The difference in that previous statement is that with competence, you are trying to make sure that steps are taken to ensure that a particular culture is recognized, hereas with humility, it is a norm to make sure that a culture is recognized and appreciated. Cultural competence is a conceptual framework to help providers 2009). Whereas cultural humility is the practice with no foreseeable end goal but instead a paradigm of understanding that one’s culture is to be considered individually; that in order to effectively consider another there must first be complete consideration of one’s self.
Cultural humility comes from thinking outside the box and stepping away from the the sense of normalcy to acknowledging when we might not now what else to do (Austerlic, 2009). It is a process that requires humility as individuals continually engage in self-reflection and self-critique as lifelong learners and reflective practitioners (Murray-Garcia & Tervalon, 1998). Cultural humility allows the counselor the moment of intense self-reflection and to use unconventional methods to understanding and truly learning from the client as an individual.
Counselors can create opportunities to communicate respect to the client by honoring the client’s unique way of perceiving and interacting with the world (Nystul, 010). References Underserved, 9(2), 117-125. Nystul, M. S. (2010). Introduction to counseling, an art and science perspective. Prentice Hall. What are your reflections about the video? The video Cultural Humility by Vivian Chavez was an intriguing video to say the least. The video made me self-reflect my thoughts and brought awareness to my incompetence in cultural awareness.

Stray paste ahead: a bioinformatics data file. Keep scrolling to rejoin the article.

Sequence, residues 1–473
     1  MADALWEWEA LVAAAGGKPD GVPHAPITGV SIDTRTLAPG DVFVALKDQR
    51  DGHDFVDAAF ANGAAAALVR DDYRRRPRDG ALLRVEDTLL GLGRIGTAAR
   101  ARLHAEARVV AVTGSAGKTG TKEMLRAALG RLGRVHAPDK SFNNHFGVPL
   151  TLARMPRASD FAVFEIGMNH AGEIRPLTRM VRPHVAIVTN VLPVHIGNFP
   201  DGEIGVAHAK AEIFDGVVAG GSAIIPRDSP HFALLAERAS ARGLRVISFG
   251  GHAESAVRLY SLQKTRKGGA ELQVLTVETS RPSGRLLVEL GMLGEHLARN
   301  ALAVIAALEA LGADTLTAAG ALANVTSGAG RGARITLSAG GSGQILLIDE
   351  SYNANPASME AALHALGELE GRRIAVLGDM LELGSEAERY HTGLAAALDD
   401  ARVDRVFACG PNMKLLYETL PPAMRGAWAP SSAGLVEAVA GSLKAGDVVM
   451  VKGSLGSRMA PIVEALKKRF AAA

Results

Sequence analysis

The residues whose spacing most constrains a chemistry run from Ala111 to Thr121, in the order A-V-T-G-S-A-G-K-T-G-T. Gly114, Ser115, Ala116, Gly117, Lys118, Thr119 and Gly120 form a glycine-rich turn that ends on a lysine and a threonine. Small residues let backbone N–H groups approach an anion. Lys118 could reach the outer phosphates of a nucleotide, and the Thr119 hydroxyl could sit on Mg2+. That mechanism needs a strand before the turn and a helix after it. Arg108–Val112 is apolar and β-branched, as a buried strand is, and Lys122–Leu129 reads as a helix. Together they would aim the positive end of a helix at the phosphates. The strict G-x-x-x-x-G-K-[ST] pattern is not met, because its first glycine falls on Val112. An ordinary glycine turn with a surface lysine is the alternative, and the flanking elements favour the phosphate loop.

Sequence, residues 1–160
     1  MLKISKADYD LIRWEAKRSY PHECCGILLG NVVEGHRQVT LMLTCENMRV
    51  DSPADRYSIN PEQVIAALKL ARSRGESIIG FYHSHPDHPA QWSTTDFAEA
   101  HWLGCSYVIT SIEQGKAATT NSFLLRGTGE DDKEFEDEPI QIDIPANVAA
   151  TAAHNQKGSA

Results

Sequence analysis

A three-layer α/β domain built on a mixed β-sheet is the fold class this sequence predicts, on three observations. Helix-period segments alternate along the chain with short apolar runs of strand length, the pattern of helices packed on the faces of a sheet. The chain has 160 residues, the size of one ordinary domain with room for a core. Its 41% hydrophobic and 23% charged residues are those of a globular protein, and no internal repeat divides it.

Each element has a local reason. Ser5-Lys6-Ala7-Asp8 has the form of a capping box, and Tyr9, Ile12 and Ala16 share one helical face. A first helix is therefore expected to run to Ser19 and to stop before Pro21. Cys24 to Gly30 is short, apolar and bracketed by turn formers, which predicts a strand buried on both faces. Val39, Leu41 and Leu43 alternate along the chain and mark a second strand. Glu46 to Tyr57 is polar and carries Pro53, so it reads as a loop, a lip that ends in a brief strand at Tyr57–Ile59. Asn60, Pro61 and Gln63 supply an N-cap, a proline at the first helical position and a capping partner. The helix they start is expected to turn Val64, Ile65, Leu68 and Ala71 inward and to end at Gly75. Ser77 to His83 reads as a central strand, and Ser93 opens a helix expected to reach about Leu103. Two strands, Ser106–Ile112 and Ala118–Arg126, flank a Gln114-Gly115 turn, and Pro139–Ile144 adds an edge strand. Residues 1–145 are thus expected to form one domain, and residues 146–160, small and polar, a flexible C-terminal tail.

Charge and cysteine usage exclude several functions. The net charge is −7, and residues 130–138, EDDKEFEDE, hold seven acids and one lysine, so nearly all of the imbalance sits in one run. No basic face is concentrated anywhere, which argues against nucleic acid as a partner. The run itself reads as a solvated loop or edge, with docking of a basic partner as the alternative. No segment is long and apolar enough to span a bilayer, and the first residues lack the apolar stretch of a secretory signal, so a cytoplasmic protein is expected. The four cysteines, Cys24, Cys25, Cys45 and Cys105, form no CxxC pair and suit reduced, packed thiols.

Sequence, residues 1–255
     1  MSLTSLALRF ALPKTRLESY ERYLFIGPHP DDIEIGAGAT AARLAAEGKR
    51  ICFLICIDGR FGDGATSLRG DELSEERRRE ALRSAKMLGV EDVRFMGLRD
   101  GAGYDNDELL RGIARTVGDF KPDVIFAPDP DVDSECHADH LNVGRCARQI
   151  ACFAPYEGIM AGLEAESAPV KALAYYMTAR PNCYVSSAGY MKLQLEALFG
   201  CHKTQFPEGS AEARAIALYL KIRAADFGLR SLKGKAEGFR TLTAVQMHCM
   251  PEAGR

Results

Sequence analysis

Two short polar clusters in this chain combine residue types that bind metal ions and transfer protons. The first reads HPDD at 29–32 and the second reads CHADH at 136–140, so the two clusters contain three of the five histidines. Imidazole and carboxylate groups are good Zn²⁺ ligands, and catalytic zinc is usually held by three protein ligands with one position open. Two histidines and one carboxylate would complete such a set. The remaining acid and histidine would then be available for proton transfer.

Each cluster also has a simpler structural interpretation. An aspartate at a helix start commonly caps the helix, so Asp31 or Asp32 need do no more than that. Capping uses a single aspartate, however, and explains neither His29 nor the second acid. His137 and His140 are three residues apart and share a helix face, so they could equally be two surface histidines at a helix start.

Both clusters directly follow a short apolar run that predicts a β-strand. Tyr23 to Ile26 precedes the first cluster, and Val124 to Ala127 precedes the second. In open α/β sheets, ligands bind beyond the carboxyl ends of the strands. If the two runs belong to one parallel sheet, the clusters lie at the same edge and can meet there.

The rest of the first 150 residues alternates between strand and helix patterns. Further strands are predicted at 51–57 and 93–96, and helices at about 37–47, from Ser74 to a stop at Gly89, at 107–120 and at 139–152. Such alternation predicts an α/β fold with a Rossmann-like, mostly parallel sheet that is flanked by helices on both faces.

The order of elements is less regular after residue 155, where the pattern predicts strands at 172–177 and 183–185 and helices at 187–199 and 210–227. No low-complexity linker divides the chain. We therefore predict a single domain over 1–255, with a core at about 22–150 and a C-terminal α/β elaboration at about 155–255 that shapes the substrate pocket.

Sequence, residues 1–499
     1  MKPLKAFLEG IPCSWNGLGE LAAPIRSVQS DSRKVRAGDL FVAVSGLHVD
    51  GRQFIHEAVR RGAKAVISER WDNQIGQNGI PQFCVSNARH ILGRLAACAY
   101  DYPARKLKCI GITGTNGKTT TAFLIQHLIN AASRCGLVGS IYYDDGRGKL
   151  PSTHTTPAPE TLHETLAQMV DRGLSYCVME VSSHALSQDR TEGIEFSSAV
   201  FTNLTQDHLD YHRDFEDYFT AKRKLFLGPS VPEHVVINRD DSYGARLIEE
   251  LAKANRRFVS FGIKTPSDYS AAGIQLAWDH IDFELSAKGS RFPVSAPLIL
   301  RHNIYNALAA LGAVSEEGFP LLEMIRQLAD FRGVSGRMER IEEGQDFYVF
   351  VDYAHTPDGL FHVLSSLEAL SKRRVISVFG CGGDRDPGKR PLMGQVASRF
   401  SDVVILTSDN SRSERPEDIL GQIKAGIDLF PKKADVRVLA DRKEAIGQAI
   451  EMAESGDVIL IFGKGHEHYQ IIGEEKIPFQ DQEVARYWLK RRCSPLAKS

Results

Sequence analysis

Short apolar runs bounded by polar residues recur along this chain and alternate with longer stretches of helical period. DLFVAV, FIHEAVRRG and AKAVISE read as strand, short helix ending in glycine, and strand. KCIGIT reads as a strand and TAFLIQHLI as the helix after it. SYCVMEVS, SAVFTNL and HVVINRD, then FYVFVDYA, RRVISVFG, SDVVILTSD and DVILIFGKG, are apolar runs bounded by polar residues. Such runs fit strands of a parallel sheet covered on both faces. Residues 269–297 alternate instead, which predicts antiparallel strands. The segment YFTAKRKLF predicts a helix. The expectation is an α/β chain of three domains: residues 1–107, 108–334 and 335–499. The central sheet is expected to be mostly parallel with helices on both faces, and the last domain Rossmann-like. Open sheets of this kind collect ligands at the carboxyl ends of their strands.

The video truly made me consider and respect the importance of an idea of a culture, and one must be a learner of the individual as well as the culture. To Just understand how a culture impacts an individual’s life does not encompass humility. At the beginning of the video diverse people described cultural humility in one word, a few that stood out were love and compassion. These words each play a role in cultural humility. Love focuses on the learning and seeking knowledge, and compassion relates to understanding the feeling of others and treating them with this understanding.
As an African American male from in an inner city neighborhood, I am familiar with discrimination, I found after viewing this ilm that I was naive to the struggles of many other individuals in this country. I grew up feeling that I was proud of where I came from, not because of what I accomplished as a child from the hood making good of himself with guidance from parents who made sure of my success, but because I always felt that no one had it as tough as I had it growing up. I grew up with a chip on my shoulder. This video made me realize how selfish and inconsiderate I was, and made me realize that I didn’t have it as worse as others.